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Summary of IRA Rules

Basic Self-Directed IRA Rules

  1. Prohibited Investments - Investment in certain assets are prohibited. They include:
    • Insurance
    • Collectibles (coins, art work)
    • S Corporations
    • Common Collective Investment Funds

  2. Disqualified Persons are individuals who cannot share ownership, management or control over your IRA account. Disqualified Persons include, but not limited to, the following:
    • Spouse
    • Children
    • Grandchildren
    NOTE: Any “disqualified person” for investment management purposes may still be a beneficiary of your IRA.

  3. Self-Dealing Prohibited
    You may not authorize your IRA to enter into any transaction with yourself. For example, your primary residence cannot be acquired as an asset in your IRA.

  4. Contribution Limits
    You must have a taxable earned income in order to contribute to an IRA. See the following chart for the potential limitations on contributions.
    Age Under 50 Years Old 50 Years Old or Older
    2018 Annual Limit on Contributions * Up to $5,500 Up to $6,500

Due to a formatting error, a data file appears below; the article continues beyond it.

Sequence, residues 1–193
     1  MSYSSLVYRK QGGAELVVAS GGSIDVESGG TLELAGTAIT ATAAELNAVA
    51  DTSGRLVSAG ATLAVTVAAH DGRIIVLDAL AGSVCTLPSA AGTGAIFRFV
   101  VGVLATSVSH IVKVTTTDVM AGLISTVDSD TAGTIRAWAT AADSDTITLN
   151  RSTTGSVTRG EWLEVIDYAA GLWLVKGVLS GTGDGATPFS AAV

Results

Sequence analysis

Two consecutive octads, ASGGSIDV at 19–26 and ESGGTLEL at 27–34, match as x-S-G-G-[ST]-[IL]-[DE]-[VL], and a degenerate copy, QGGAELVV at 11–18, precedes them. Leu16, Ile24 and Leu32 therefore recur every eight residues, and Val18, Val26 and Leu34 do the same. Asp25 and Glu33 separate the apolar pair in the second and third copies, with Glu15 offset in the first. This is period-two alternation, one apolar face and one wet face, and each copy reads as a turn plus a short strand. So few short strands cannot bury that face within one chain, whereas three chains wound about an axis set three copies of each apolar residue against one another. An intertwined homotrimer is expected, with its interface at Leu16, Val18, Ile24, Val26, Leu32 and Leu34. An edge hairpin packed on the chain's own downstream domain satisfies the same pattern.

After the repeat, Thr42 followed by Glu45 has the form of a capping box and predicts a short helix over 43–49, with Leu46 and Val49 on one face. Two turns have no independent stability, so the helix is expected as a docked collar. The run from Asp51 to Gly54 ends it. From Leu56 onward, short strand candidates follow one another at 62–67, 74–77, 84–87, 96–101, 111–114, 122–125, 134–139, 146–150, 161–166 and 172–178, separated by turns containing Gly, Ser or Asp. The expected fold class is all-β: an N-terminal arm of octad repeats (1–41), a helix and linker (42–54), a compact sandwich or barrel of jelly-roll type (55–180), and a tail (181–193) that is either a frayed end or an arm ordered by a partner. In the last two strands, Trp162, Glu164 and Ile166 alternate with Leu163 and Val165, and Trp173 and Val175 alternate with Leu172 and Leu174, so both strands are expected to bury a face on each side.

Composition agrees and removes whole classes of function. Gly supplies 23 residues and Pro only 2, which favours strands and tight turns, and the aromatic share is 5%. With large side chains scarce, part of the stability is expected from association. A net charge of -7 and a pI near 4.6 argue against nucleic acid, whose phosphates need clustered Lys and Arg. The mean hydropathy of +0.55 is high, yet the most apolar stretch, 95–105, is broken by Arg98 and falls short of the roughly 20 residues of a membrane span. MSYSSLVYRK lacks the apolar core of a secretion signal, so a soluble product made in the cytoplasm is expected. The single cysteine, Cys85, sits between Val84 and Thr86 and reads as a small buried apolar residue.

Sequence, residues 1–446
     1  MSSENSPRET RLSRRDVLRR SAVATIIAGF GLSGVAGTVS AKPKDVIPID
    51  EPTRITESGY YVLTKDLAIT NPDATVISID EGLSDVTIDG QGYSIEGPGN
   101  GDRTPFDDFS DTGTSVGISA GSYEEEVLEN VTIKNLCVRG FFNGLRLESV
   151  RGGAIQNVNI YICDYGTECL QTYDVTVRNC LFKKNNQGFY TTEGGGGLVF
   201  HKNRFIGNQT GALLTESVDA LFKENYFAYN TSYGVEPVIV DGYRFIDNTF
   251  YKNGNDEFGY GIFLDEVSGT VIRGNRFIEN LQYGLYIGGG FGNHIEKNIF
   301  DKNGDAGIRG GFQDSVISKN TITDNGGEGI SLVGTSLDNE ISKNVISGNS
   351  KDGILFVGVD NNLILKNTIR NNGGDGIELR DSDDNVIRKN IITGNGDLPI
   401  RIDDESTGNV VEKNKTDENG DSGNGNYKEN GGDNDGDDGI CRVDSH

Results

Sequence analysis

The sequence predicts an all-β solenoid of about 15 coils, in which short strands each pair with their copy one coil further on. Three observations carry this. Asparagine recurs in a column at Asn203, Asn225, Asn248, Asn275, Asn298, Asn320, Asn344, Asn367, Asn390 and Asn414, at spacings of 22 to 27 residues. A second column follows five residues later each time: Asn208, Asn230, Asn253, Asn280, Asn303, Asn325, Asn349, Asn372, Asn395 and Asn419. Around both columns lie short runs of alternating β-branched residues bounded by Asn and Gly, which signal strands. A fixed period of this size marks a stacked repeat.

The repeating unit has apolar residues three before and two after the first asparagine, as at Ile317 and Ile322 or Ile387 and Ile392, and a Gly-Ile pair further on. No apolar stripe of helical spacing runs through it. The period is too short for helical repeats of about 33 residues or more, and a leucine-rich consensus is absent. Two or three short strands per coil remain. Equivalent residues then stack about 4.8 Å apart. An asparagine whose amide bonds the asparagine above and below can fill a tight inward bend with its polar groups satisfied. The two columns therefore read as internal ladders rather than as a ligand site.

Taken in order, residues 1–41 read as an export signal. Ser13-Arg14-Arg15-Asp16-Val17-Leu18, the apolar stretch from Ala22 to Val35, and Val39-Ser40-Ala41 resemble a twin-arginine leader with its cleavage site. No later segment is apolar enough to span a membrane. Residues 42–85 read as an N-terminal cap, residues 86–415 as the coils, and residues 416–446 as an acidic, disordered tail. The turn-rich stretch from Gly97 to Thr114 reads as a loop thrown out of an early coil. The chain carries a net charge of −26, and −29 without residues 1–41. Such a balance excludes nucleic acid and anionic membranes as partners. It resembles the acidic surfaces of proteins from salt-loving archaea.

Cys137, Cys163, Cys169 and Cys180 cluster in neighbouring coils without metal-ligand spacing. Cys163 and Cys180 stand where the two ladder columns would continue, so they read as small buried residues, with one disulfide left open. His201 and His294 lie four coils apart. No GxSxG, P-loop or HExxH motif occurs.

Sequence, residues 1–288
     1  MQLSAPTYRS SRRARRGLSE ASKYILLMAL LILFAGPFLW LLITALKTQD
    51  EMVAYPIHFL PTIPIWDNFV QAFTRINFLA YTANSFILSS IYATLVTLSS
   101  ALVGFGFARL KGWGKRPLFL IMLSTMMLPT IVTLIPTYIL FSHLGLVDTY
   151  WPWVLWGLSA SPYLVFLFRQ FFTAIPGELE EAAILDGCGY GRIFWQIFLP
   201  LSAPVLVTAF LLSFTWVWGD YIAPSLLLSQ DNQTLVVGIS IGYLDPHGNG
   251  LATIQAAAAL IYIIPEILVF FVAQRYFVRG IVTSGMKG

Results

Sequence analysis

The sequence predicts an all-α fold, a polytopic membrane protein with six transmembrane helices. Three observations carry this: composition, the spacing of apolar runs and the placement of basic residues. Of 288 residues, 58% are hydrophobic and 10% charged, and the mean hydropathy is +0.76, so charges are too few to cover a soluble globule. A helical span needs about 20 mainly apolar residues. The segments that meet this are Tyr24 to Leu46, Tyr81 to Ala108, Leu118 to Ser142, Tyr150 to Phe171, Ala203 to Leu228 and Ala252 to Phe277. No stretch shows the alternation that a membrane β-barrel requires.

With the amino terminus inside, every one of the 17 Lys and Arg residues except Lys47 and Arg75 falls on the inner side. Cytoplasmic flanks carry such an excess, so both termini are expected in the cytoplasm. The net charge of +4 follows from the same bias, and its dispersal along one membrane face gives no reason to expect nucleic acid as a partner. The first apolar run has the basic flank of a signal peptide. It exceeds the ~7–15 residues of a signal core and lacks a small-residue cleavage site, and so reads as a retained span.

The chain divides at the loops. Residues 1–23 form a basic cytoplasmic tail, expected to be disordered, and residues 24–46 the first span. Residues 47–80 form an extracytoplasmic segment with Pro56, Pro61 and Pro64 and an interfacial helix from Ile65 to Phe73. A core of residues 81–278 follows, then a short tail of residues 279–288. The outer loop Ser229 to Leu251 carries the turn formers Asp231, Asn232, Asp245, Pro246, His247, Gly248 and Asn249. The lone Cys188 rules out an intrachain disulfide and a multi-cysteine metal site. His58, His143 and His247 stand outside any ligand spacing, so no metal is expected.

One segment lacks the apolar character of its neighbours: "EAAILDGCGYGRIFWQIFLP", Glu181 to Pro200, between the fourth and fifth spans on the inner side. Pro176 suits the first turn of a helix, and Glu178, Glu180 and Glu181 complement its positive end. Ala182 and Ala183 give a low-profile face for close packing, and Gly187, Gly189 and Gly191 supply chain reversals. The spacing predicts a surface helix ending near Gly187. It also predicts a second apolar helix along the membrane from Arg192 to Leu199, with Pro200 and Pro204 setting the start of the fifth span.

Note: Rules governing the income tax deductibility of IRA contributions are varied and numerous. Please consult a qualified tax professional for advice on such matters.

  5. Early Withdrawal Penalty
    Withdrawals from a traditional IRA are taxable at your current Federal and State income tax rate when the withdrawal is made. In addition, the law imposes an additional 10% penalty tax on early distributions from traditional and Roth IRAs, unless an exception applies. Generally, early distributions are those that you receive from an IRA before reaching age 59½. The additional 10% tax applies to the part of the distribution that you must also must include in taxable gross income. It is in addition to any regular income tax due on that amount.

    Exceptions to the early withdraw penalty include early withdrawals:
    • made to a beneficiary or estate on account of the IRA owner's death
    • made on account of qualified disability
    • made as part of a series of substantially equal periodic payments for your life (or life expectancy) or the joint lives (or joint life expectancies) of you and your designated beneficiary
    • for qualified first-time homebuyer distributions
    • not in excess of your qualified higher education expenses
    • not in excess of certain medical insurance premiums paid while unemployed and not in excess of your unreimbursed medical expenses that are more than a certain percentage of your adjusted gross income
    • due to an IRS levy, or
    • for qualified reservist distributions

  6. Annual Minimum Distributions are required beginning at age 70½ for the following types of IRAs:
    • Traditional
    • SEP
    • Simple

    Roth IRAs do not require minimum distributions at any age.
Last Modifications: 5/18/2022 3:26:35 PM